A coalition of activists opposed to the construction of Oakland’s Domain Awareness Center say they're ready to take the city to court to stop the controversial surveillance project. Brian Hofer of the Oakland Privacy Working Group is delivering a letter to Mayor Jean Quan, the city council, the city administrator, and the city attorney today. The letter states that the group will "seek judicial relief" to halt the project. The group claims that the proposed contractor to carry out work on Phase 2 of the DAC, Schneider Electric, is also a nuclear weapons contractor, and that hiring the company would violate Oakland's Nuclear Weapons Free Zone Ordinance.
The Express reported on November 19, 2013 that all of the contractors under consideration for the contract to build the DAC were linked to nuclear weapons work, but that Schneider Electric seemed to have only indirect contracts, providing security cameras to a Navy nuclear weapons facility.
Since then the Oakland Privacy Working Group uncovered detailed evidence of what they say is Schneider Electric's close work with military and US Energy Department agencies that design, build, and deploy nuclear weapons systems. The letter delivered to the city today includes a photocopy of Schneider Electric marketing materials in which the company describes itself as a "global specialist" in "weapon launching control system for nuclear submarines," and "nuclear weapons handling systems."
The activists have opposed the DAC on grounds that the surveillance system will infringe on civil liberties, that it could be prone to abuses by police or other staff with access to its data, that hackers could breach the system, and that surveillance systems are not proven to reduce crime and improve public safety. But opponents of the DAC have found the city's anti-nuclear weapons contracting law may be the most practical way to fight it. The first contractor on the DAC, SAIC (now called Leidos), was dumped by the city recently after it was revealed that SAIC has been paid millions by the federal government to carry out projects in support of the nation's nuclear weapons program.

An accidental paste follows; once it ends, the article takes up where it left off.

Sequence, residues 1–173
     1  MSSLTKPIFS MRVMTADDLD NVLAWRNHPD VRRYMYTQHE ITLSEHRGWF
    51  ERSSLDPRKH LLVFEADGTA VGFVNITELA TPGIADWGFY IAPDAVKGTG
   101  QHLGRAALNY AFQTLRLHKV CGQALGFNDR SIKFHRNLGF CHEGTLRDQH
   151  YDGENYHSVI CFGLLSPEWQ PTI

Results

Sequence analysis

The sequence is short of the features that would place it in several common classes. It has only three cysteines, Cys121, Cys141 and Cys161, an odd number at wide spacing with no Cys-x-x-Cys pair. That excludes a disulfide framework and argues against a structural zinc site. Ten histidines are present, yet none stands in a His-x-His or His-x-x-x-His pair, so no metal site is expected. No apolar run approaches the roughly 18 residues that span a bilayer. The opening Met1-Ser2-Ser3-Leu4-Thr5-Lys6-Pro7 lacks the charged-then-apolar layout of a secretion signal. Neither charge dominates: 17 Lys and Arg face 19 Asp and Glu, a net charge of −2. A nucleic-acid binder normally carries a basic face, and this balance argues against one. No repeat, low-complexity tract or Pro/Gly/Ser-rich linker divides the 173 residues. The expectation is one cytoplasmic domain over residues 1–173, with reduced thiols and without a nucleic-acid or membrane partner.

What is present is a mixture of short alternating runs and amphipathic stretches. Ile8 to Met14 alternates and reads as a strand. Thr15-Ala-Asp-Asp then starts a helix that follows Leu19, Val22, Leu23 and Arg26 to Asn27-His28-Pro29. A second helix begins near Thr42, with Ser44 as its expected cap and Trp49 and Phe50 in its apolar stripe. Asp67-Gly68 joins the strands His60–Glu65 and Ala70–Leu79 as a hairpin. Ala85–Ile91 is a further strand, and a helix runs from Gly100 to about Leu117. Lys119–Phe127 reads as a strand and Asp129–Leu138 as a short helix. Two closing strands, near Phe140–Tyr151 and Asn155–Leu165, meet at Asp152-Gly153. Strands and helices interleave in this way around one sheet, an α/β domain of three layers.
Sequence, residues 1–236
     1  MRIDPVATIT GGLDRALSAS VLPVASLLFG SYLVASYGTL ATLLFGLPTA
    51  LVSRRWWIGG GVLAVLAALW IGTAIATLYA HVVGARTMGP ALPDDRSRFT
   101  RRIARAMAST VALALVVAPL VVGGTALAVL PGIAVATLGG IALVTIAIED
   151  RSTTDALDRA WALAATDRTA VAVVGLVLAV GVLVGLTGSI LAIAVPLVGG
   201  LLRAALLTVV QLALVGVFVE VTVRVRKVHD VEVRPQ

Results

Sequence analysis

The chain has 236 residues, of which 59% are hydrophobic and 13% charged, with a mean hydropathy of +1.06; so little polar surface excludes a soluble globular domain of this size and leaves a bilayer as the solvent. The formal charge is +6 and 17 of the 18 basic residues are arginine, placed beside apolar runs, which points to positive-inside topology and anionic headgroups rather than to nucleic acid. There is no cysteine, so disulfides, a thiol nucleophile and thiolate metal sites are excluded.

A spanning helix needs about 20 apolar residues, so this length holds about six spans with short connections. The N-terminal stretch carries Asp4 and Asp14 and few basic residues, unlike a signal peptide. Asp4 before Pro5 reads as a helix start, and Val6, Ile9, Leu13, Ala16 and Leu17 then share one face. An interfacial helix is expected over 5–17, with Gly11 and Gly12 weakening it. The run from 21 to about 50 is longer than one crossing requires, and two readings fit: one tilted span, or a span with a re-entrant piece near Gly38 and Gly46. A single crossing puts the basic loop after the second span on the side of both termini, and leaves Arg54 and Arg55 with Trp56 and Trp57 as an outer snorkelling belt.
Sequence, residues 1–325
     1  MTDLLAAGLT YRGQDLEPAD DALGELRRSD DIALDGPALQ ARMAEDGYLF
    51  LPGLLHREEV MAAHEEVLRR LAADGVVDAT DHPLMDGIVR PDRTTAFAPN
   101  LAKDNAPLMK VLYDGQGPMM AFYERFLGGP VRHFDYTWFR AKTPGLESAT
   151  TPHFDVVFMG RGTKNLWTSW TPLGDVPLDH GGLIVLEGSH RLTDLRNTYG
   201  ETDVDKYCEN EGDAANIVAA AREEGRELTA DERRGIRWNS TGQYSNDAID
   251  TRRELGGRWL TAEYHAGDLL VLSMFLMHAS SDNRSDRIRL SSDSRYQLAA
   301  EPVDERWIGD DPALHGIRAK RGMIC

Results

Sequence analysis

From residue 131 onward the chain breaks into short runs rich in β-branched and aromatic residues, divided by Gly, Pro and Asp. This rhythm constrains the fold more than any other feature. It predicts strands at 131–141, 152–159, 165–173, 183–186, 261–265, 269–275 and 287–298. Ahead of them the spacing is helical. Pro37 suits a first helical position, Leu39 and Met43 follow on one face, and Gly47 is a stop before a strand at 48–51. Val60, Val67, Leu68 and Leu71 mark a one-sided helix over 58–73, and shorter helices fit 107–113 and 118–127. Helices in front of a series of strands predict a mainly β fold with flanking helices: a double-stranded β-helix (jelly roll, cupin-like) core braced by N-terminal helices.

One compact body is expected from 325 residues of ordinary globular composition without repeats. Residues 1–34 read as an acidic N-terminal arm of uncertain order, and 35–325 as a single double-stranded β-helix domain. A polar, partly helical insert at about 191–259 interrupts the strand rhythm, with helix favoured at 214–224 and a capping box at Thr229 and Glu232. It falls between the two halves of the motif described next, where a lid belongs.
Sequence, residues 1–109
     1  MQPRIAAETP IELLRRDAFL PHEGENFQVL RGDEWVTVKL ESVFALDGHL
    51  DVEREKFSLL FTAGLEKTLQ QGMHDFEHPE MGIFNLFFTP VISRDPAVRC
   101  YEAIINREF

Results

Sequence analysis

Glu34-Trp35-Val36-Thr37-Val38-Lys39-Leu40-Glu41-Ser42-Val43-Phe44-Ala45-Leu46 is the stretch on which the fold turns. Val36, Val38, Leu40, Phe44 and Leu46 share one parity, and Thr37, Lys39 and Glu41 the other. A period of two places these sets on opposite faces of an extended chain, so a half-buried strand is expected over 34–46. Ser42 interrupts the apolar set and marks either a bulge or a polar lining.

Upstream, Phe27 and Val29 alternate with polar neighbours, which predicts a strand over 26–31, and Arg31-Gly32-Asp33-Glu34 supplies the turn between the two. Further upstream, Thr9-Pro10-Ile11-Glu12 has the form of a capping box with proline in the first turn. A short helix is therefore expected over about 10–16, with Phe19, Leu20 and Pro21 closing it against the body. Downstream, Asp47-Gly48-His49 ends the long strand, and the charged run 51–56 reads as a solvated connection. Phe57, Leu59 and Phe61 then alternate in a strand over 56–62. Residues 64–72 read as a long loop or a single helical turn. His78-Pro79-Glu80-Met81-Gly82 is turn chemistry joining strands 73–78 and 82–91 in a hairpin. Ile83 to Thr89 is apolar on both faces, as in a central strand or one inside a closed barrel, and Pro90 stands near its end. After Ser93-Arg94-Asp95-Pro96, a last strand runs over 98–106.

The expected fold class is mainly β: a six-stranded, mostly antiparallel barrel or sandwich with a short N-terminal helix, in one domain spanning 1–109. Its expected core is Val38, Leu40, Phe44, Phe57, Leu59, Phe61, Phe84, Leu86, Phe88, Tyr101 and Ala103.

"Oakland has for decades declared that it will in no way be complicit in building nuclear weapons and has refused to work with any nuclear weapons contractors. These are Oakland values," the Oakland Privacy Working Group said in a press release. "Unfortunately, it seems that our current crop of city leaders do not share these values."
Domingo said the DAC would help the city respond to potentially catastrophic disasters and crime. "We did not have an emergency operations center during the Oakland hills fire, or the [Loma Prieta] earthquake."
"We didn't envision the crime fighting aspect of the DAC until we we're well into it," Domingo said.
The Oakland Police Department is now intimately involved in the development of the DAC as an operational tool to monitor crime and political protests.
"There are video cameras everywhere in the city," Allison told the League of Women Voters audience. "Beyond the fifty the city has, there are cameras in stores, in parking lots, they are everywhere." According to Allison, the DAC is only an expansion of existing surveillance already conducted by OPD.
Figueroa said he's visited Chicago, New York, and other cities to look at the surveillance systems their police agencies have built. "When a shooting happens they're right on it," said Figueroa. "They try to figure out what gangs are fighting at the time, other officers are looking at ShotSpotter data, and looking at what cars have been in the area.
"We have a lot of issues to deal with, data storage and others, but we're talking about what's a sensible policy," he continued.
Figueroa also admitted that the city currently uses its surveillance assets to “monitor [political] demonstrations" in Oakland.
"If the city moves forward with these plans, legal action will be taken to stop it," said the Oakland Privacy Working Group in a press release.